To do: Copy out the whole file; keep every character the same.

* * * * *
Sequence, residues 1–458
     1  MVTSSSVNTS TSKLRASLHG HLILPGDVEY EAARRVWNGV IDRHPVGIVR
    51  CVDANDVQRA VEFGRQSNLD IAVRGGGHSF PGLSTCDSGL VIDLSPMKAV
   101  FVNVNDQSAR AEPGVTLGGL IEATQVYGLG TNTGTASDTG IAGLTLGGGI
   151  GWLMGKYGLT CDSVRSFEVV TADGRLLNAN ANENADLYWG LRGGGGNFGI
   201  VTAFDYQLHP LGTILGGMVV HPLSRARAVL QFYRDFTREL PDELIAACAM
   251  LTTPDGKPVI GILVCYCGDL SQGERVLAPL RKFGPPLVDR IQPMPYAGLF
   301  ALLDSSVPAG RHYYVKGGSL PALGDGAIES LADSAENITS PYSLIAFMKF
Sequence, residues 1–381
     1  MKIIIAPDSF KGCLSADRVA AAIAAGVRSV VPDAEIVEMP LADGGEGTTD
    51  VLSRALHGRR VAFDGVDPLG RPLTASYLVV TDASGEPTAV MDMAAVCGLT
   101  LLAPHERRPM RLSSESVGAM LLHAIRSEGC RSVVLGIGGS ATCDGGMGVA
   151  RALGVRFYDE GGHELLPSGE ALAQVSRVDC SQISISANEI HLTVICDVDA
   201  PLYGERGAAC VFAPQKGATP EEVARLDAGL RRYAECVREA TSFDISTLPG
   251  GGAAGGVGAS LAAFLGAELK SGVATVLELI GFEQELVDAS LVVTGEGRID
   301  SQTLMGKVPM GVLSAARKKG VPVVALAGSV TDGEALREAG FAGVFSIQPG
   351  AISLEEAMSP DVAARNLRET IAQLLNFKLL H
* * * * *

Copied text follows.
Sequence, residues 1–458
     1  MVTSSSVNTS TSKLRASLHG HLILPGDVEY EAARRVWNGV IDRHPVGIVR
    51  CVDANDVQRA VEFGRQSNLD IAVRGGGHSF PGLSTCDSGL VIDLSPMKAV
   101  FVNVNDQSAR AEPGVTLGGL IEATQVYGLG TNTGTASDTG IAGLTLGGGI
   151  GWLMGKYGLT CDSVRSFEVV TADGRLLNAN ANENADLYWG LRGGGGNFGI
   201  VTAFDYQLHP LGTILGGMVV HPLSRARAVL QFYRDFTREL PDELIAACAM
   251  LTTPDGKPVI GILVCYCGDL SQGERVLAPL RKFGPPLVDR IQPMPYAGLF
   301  ALLDSSVPAG RHYYVKGGSL PALGDGAIES LADSAENITS PYSLIAFMKF
Sequence, residues 1–381
     1  MKIIIAPDSF KGCLSADRVA AAIAAGVRSV VPDAEIVEMP LADGGEGTTD
    51  VLSRALHGRR VAFDGVDPLG RPLTASYLVV TDASGEPTAV MDMAAVCGLT
   101  LLAPHERRPM RLSSESVGAM LLHAIRSEGC RSVVLGIGGS ATCDGGMGVA
   151  RALGVRFYDE GGHELLPSGE ALAQVSRVDC SQISISANEI HLTVICDVDA
   201  PLYGERGAAC VFAPQKGATP EEVARLDAGL RRYAECVREA TSFDISTLPG
   251  GGAAGGVGAS LAAFLGAELK SGVATVLELI GFEQELVDAS LVVTGEGRID
   301  SQTLMGKVPM GVLSAARKKG VPVVALAGSV TDGEALREAG FAGVFSIQPG
   351  AISLEEAMSP DVAARNLRET IAQLLNFKLL H